Embrace AI tools to improve student writing
Rather than trying to keep it out of the classroom, here are ways faculty can facilitate more effective use of ChatGPT for writing assignments
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It can be easy to assume that our students are more tech-savvy than we are, but simply using a tech tool doesn’t mean that you’re using it well. When I introduced using ChatGPT for assignments for my business students in February 2023, it quickly became apparent that they didn’t know how to get the best outputs. They tended to think they could treat ChatGPT like a Google search and get their output in just one or two clicks – but, garbage in, garbage out. Teaching better AI prompting helps students find the treasure instead of the trash in their AI writing.
Emphasise the importance of input
Given the option to revise an AI-generated document with AI or to rewrite it from scratch, students last spring were choosing to rewrite it. I realised that for the fall I needed to teach students how to use the tool better, and that to get better outputs, they needed to improve their input. AI has the potential to make business writing more efficient, but to get to that point, we need to take the time to figure out how to get the AI to produce the most relevant output to meet our needs. If we’re lazy with it, it will be lazy, too.
Create an AI prompting plan
Business writing is particularly suited to AI tools such as ChatGPT because it follows a structure and has clear goals. Providing students with a guide for generating AI helps them to hone their input. I found the information that Rob Lennon posted on LinkedIn on prompt generating for AI assignments helpful. I have my students follow a standard prompting plan, with seven categories to fill out for generative AI. Their plans must include:
- Role: tell the AI who to be. What is its role?
- Task: summarise what the AI should do. What do you want from it?
- Requirements: establish what the AI output should contain. Be specific; tell it what to include
- Context: establish the intended audience. Are there other situational particulars?
- Constraints: are there any restrictions or limitations for the AI to know about? Be explicit about what not to include
- Goal: what should the output enable the intended audience to do or to know? How do you want the audience to feel?
- Format: include word limits, headers, number of paragraphs and so on.
Ask students to follow up to improve generated content
To improve the quality of their prompts, I also require students to review the output they get and then ask the AI some follow-up questions. Those questions could prompt more information. Sometimes students have to specifically remind the AI to do something that was requested in the first round of prompting but was not delivered.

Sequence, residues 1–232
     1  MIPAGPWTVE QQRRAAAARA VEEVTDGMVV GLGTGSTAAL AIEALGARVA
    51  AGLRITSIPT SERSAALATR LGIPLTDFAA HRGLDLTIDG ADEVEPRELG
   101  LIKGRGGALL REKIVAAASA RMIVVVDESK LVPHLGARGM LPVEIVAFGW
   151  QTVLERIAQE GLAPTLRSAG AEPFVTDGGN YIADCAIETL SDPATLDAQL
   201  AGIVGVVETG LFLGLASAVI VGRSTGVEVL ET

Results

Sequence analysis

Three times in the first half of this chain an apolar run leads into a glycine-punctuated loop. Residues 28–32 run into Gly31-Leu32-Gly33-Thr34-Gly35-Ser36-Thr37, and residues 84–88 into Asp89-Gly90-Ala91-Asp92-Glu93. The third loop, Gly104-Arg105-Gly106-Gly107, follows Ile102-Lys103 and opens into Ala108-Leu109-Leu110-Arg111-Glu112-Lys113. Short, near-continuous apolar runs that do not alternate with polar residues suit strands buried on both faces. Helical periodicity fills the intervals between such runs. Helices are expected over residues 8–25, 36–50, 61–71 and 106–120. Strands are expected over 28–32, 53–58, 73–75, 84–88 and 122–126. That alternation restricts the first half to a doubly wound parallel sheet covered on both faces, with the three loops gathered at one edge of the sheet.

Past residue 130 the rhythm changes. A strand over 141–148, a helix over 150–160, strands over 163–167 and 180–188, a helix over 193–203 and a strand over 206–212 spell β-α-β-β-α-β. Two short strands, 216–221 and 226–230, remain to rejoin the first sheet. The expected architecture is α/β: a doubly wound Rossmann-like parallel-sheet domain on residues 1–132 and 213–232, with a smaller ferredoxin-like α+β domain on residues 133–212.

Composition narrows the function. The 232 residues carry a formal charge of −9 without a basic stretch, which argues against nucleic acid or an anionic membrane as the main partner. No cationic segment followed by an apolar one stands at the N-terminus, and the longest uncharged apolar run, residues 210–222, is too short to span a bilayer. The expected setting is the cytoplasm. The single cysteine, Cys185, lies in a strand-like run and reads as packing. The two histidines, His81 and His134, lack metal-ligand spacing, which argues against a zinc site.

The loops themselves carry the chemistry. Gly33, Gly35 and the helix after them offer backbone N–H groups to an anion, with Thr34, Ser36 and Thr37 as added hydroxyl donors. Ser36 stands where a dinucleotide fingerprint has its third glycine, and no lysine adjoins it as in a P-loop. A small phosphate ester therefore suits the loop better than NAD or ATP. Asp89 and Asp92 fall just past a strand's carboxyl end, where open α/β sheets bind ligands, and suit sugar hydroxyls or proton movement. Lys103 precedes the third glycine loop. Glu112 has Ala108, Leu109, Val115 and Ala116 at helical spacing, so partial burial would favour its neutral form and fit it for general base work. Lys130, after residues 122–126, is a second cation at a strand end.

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Let AI assist with hard-to-teach topics
Audience analysis remains the key writing learning objective in business communication, and it’s something students struggle with most. AI can help. Students can ask it questions about what a particular audience may need or expect to help the AI shape the input. I want students to use their AI prompting to assist them in better meeting the needs of whoever is the intended audience for the assignment. They must think about what the intended audience expects or wants from the document so they can filter out AI output that is irrelevant to the intended audience, either because it contains information that an audience would already know or information they would not necessarily care about.
Stress the importance of collaboration with AI
Students can and should ask the AI for advice or guidance. I am focusing on having them regard writing with AI as a collaborative process, so seeing the AI as a writing coach or tutor as well as a writing partner is an attitude I am trying to encourage. To reinforce that focus on collaboration, I give students time in the classroom to work on their prompting plans in small groups, and I encourage them to compare what kinds of output they get when giving the same prompts to different generative AI programs.
Take the pressure off yourself
AI work can replace other parts of the curriculum. For me, incorporating AI takes up about 10 per cent of my instructional time. I had to be upfront with myself and acknowledge that if I was going to integrate AI into what I was doing and teach this technology in a way that gives students the skills they need, I had to let some things go.
Teaching students how to prompt empowers them to harness the capabilities of this revolutionary technology and sets them up for success in meeting employer expectations for effective communication. It also gives you an ally in the classroom, encouraging students to be more process-oriented in their approach to writing and reflective in how they think about their use of technology in communicating with others.
Pamela Bourjaily is the associate professor of instruction at Tippie College of Business at the University of Iowa.
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